6. x[3]; and x[4];

Similar to the previous line, these lines access the fourth and fifth elements of the array x, but they also don’t perform any meaningful operation.

Output:

10

Here is another example:

#include <iostream>

using namespace std;

int main()
{
    int x[5];
    x[0] = 10;
    x[1] = 5;
    x[4] = x[0] + x[1];
    cout<< x[4] << endl;

    return 0;
}

Output:

15

Arrays only accept constant array size, Example:

#include <iostream>

using namespace std;

int main()
{
    const int t = 5;
    int x[t];

    return 0;
}

This code declares an integer array `x` with a size of 5, and the size is determined by the constant `t`, which is set to 5. The `const` keyword ensures that `t` cannot be changed later in the program. This code doesn’t perform any further operations on the array; it simply demonstrates how to declare an array with a size determined by a constant.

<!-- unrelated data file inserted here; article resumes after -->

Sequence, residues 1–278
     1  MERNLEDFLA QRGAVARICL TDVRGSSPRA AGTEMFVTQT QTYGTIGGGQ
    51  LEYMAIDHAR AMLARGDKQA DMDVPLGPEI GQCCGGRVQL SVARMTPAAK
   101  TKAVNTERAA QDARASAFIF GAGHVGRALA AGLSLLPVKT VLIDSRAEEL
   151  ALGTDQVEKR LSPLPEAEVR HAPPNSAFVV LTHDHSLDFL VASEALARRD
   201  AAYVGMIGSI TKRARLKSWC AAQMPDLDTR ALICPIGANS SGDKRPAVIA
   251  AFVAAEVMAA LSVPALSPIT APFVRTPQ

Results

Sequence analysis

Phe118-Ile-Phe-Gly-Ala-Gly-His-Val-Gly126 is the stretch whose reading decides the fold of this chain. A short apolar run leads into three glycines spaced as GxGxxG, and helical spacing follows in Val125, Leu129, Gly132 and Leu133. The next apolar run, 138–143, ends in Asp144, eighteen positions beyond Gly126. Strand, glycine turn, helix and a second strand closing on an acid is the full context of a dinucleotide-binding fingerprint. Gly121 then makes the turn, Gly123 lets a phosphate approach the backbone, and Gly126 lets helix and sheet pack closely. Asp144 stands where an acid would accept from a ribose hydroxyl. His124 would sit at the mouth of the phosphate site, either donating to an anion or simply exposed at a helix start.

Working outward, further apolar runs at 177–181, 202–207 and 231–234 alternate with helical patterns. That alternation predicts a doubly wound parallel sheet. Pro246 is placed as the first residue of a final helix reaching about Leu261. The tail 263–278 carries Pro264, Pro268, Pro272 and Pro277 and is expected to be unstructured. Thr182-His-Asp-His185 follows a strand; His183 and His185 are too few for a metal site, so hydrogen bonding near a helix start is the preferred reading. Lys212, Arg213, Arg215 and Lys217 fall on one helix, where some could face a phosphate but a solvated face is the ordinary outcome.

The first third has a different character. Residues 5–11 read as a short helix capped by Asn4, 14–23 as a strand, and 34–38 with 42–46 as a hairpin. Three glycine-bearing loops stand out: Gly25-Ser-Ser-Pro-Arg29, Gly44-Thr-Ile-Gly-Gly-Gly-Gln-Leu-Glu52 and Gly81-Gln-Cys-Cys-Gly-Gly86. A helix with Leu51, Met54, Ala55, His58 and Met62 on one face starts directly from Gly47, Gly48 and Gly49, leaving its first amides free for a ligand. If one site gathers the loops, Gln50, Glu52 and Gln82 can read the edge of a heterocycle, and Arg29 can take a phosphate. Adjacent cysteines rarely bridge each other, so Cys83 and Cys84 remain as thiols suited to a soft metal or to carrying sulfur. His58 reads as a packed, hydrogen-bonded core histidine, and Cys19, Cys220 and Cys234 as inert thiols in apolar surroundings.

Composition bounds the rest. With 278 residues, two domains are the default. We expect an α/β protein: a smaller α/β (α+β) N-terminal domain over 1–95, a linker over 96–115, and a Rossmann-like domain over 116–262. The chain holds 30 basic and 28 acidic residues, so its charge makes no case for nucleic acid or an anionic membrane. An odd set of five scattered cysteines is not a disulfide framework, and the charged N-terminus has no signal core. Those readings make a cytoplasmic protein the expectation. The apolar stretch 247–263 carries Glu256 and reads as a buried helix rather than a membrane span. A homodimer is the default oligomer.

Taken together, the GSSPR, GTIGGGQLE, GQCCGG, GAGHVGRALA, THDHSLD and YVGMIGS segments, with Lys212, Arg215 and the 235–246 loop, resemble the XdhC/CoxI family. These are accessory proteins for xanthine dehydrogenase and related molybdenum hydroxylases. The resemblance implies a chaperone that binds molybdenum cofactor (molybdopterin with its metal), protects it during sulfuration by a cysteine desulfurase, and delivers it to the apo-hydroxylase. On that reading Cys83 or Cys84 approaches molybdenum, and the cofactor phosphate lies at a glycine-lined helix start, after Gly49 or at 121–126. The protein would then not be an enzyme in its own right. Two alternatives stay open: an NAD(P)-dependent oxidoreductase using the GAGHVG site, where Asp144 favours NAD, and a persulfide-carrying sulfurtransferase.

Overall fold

You can also declare the size of your array, and declare the initial values of your array:

#include <iostream>

using namespace std;

int main()
{
    int x[5] = { 1,4,8,7,2 };
    cout << x[0] << endl;

    return 0;
}

This code declares an integer array x with a size of 5 and initializes it with the values 1, 4, 8, 7, and 2. It then prints the first element of the array, which is 1, to the console. This code demonstrates how to create an array and access its elements in C++.

But what if you declared no initial values into your array?

#include <iostream>

using namespace std;

int main()
{
    int x[5];
    cout << x[3] << endl;

    return 0;
}

This code declares an integer array x with a size of 5 but does not initialize its elements. Therefore, when you attempt to print the value of the fourth element, it will display a random or garbage value. It’s important to initialize array elements before using them to avoid unpredictable behavior in your programs.